still in place, their absence having slipped no cogs,
their customers having hardly missed them, and
there being so sparse an audience to tell of the wonders,
the pyramids they have seen, the silken warm seas,
the nighttimes of marimbas, the purchases achieved
in foreign languages, the beggars, the flies,
the hotel luxury, the grandeur of marble cities.
But at Customs the humdrum pressed its claims.
Gray days clicked shut around them; the yoke still fit,
warm as if never shucked. The world is still so small,
the evidence says, though their hearts cry, “Not so!”
Your sister has forgotten that “intentions are not magic.” M. would never intentionally hurt you, but hurt you she did. My read on M’s behavior is that she felt guilty about dropping out as bridesmaid and subsequently detached, whether due to guilt or being overwhelmed with life stuff. I think it was crappy of her not to RSVP to anything, or at least call or text you and say “Can you stop sending me pretty invitations for right now, I already told you I can’t afford to come and it bums me out to get them when I know I can’t be there and I hate disappointing you.” It must have been very hurtful and anxiety-making for you to keep sending overtures and hear nothing from her. If you love her, clear the air with her, and say what’s on your mind, “I’m so happy to be back in touch with you. Not being able to talk to you these last few months was really sad and lonely for me. Can you tell me ‘why the radio silence’? Are you ok?”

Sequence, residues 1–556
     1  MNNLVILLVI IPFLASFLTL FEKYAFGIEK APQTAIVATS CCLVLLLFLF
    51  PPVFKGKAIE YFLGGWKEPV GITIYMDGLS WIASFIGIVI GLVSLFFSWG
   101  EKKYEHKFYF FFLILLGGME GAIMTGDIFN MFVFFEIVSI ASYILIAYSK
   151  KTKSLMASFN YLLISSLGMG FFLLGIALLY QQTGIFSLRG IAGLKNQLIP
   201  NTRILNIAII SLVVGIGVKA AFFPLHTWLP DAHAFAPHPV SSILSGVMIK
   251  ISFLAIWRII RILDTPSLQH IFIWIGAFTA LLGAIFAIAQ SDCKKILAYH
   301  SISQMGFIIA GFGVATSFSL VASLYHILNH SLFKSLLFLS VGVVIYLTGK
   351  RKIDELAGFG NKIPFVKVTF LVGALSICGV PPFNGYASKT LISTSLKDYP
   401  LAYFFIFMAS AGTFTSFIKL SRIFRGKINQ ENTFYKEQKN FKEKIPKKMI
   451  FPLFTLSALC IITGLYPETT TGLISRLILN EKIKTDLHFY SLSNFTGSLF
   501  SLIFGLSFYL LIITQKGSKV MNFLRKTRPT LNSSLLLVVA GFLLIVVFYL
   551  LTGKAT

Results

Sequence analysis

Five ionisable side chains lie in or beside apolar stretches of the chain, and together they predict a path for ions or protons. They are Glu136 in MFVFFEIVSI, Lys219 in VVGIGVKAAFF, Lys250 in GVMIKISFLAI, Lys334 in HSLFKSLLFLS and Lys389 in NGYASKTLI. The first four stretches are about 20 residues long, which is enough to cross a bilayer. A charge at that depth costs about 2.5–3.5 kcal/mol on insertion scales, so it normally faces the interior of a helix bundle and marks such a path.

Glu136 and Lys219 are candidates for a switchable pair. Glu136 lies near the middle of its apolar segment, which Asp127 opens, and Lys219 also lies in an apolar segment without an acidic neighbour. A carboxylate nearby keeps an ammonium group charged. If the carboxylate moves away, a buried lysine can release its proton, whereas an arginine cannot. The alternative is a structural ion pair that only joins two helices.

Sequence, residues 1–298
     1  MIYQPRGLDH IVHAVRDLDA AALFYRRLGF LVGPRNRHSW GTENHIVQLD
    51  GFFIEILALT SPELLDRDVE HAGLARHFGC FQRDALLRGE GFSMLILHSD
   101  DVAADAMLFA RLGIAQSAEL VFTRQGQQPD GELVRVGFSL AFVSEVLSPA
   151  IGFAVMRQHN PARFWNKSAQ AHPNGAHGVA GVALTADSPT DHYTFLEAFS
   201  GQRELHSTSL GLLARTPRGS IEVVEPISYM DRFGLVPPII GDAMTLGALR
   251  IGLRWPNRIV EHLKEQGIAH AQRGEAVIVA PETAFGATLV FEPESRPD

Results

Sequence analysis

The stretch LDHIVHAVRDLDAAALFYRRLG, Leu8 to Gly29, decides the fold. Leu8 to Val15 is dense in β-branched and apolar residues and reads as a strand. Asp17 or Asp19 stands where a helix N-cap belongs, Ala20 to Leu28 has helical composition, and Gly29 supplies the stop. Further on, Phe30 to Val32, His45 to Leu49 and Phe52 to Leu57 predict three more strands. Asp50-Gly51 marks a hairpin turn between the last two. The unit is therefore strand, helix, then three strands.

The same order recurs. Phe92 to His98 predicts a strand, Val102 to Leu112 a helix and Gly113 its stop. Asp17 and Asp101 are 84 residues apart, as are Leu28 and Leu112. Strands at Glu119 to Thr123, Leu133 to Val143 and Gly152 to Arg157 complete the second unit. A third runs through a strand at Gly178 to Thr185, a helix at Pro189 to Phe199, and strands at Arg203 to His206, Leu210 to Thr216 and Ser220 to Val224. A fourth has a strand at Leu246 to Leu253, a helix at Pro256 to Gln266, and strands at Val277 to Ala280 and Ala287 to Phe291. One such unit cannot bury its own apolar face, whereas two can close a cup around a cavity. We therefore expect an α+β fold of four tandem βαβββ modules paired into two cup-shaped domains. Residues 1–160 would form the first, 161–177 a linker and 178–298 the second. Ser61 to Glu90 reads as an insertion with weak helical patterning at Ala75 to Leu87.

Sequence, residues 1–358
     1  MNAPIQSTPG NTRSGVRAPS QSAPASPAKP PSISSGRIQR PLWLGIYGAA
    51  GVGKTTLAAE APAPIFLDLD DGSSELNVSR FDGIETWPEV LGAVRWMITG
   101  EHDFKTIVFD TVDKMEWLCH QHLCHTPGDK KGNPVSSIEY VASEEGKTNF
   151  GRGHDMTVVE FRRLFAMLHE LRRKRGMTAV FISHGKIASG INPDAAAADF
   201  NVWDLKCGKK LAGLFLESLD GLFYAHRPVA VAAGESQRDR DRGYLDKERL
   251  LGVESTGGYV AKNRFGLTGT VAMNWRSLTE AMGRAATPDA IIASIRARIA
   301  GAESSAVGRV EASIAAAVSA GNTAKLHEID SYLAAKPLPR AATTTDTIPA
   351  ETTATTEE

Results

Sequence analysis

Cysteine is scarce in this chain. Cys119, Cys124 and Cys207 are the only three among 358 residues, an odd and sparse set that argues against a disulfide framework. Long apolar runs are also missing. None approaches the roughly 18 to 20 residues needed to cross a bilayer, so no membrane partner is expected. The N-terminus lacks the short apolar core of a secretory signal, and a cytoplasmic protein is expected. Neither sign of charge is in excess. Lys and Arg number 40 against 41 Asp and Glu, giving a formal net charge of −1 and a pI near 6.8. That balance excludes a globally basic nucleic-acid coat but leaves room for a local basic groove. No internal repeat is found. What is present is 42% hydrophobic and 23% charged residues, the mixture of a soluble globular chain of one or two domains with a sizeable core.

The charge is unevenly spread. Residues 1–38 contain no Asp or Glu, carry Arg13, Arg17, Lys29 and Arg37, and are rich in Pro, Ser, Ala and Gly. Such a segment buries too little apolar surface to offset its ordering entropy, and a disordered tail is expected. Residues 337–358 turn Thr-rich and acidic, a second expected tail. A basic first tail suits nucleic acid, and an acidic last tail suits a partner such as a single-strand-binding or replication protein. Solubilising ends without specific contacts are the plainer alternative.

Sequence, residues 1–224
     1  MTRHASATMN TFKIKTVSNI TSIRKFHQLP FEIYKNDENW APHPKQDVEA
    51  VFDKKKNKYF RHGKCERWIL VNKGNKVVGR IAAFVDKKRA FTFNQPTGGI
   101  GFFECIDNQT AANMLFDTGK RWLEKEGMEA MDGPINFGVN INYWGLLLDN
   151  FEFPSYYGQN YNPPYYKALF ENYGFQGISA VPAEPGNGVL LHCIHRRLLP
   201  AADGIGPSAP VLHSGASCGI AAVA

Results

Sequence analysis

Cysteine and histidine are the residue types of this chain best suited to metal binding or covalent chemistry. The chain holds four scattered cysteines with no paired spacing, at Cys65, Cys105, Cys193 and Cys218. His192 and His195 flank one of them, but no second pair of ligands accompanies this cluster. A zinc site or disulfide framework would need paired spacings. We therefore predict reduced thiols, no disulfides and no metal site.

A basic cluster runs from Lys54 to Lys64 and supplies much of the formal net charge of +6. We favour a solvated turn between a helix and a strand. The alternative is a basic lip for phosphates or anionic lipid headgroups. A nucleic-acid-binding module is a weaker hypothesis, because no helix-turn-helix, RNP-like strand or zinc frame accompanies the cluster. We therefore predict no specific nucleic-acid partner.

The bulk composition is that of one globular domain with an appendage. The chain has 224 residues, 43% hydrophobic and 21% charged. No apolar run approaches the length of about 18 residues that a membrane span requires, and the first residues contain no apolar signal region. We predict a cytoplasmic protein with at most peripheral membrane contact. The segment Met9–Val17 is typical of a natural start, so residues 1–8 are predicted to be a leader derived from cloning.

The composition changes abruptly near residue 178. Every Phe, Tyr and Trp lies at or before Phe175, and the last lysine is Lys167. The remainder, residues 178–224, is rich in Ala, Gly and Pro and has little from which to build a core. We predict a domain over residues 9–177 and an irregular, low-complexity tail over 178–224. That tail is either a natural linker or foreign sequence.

My read on the general post-wedding slump is that you can’t go back and re-do it, and people (like your mom) won’t really get it if you bring awkward things up now. It’s unfair, because there is so much pressure for this one event to be healing and performative and perfect and meaningful, and then so many mixed messages, like, “Which is it, Zeitgeist? Is my wedding day the most important and special day of my life where I must be a perfect pretty pretty princess or am I a complete self-absorbed trivial asshole for caring so much about something so petty (and girly)?” Having looked at a Pinterest board or seventeen, I am fascinated with the current aesthetic in a certain kind of wedding right now, which mixes “EVERY DETAIL IS HANDCRAFTED THOUGHTFUL PERFECTION AND ORIGINAL” and “Oh, this old thing? You don’t think we put actual effort into that, do you? We just wanted to throw a good party and focus on what’s really important, like love. It just happens that our kind of love means handcrafting the paper for our special favors out of recycled driftwood over a period of three years using an antique stamp from my spouse’s ancestral crest and (shrug) and ink made from things we found in dumpsters.”? You were caught in the Cool Girl (also known as Chill Girl) paradox, where you are supposed to both be perfect while doing something stressful and act like you are not trying at all. Who wouldn’t be drained after walking that tightrope of decision fatigue and cultural pressure?